How personality traits can make or break a business

Personality
The Darker Side of Work
116 Pall Mall recently hosted a talk on Mental Health and Resilience in the Workplace. The guest speaker was Dannielle Haig, who is a qualified business psychologist, coach and psychodynamic therapist.

She is also an expert in an area known as the Dark Triad, which is made up of three overlapping personality traits – narcissism, psychopathy and Machiavellianism. We all either work or come into contact with Dark Triad individuals. And while this may sound like an exceptionally toxic combination, Dannielle explains that people with these traits can be a huge asset to any business.

‘They Are All Around Us’

“They are fascinating characters,” she says. “A narcissist is financially driven, a psychopath is incredibly impulsive compared to the other two, and Machiavelli wrote The Prince, who could manipulate and deceive. It’s all about power and prestige. And they are all around us.

"But instead of trying to look at them as negative people, I think about what we can learn from them. What makes them successful?

“One of the things it comes down to is resilience. They have an incredible level of mental toughness. They don’t feel fear in the same way that most people do. They take risks. They are very committed to their goals. They are extraordinarily confident. They are successful by themselves. They are very ambitious, and are incredibly hard working, particularly if they have narcissistic or Machiavellian tendencies.”

Believing Their Own Hype

Dannielle acknowledges that while they can be very charismatic and persuasive, Dark Triad individuals also have the potential to cause chaos if they’re not managed in the right way.

She advises businesses on how to tread that fine line.

“If they feel they are not getting the right opportunities they can be quite passive-aggressive. So, I work with CEOs or boards to help them understand how to put the right targets in place, how to give Dark Triad people the right management skills and how to respond to what they’re saying to make them the best they can be.

“But what you also need to avoid is those people getting to the top and believing too much of their own hype. That is when everything can crumble around them, which often happens.

“It’s about understanding the people you’re working with to get them to reach their potential and maximise their skill sets.”

The Key Takeaways

There is no one-size fits all approach - “With Dark Triad individuals, I use the analogy of a cake. If you use different measurements and ingredients you will get a different tasting cake. You can have someone who is a prominent narcissist, or psychopath and depending on what balance you get, you can end up with a very different outcome.”

They are high achievers and high maintenance - “Because they are successful, people will have a tendency to follow them and believe in them. In some businesses that is great, because they can take a group of people really far together. But if you’ve got everyone following an individual, and you manage to p*** off that person, they can destroy an organisation without a second thought.”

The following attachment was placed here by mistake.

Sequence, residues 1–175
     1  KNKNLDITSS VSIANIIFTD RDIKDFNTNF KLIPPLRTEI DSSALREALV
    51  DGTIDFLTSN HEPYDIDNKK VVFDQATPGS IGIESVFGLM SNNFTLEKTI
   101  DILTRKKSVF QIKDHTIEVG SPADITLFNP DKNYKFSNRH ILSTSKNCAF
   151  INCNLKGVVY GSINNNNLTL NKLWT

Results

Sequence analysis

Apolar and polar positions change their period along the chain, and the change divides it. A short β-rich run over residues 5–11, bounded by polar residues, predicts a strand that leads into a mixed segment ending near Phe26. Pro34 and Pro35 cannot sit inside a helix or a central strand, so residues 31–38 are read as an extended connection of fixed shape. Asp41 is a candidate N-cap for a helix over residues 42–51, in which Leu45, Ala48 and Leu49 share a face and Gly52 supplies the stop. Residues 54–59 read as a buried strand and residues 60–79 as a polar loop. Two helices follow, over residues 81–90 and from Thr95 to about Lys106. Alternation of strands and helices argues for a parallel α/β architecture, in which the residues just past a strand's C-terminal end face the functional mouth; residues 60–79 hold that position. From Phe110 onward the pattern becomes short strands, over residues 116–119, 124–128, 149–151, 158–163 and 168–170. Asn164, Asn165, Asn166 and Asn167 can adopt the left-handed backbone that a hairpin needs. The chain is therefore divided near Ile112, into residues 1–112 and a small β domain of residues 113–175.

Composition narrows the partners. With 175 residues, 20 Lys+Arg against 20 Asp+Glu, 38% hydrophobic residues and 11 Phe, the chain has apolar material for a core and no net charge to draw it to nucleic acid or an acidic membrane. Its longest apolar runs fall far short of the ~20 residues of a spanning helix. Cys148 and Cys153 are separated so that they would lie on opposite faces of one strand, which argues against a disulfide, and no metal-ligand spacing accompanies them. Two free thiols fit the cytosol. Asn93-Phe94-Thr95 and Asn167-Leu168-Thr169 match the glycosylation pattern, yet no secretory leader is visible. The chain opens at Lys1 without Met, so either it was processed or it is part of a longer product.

We can learn from them - “They are confident and very resilient. They can have the best outward looking appearance when they need to, which is why they are so successful.”

Wellness at Work

Danielle also acts as a consultant for companies in the area of mental health. She says, “Up until a year ago the focus was on restructuring and change-management, helping with assessments, motivation and engagement, whereas now there is such a huge shift towards mental health and wellness.

“But businesses still don’t really know what is the best and most effective thing to do. There is still the bottom line, or the ROI, to consider on top of the fact you’re supporting the mental health of your staff.

“So, I help companies to implement long-term wellness strategies.”

She explains, “The first thing I will do is carry out interviews. Normally they are confidential questionnaires so I can understand what the staff really want. You can do all the things under the sun but if the employees and individuals don’t feel it’s right for them then it is never going to work.”

As an example, Dannielle questions whether having a designated ‘mental first aider’ in the workplace is really the best way forward.

“I know it’s a step in the right direction, but it feels like putting a plaster over a broken leg. To have a member of staff or a cohort, who has had a week of training, or less, in mental health support won’t provide much security or psychological safety. Also, there are some things you don’t want to tell your colleagues.”

Balancing Openness and Confidentiality

Instead, she advocates a different approach for individual cases.

“One of the best things is to offer a coaching service to a client where they can get in contact when necessary and it should be confidential. Then the staff know they have someone they can talk to who understands the mind, psychology, stress, the workplace, and is separate from anyone to do with work or their personal life.”

When it comes to issues that affect the whole team, Dannielle says that workshops can be best solution when trying to create a culture of openness.

She concludes, “Workshops can be really useful in being able to say ‘this is too much’ or ‘we need to delegate this work’ but without fear of repercussion.

“Having that openness is particularly important in a small business.”

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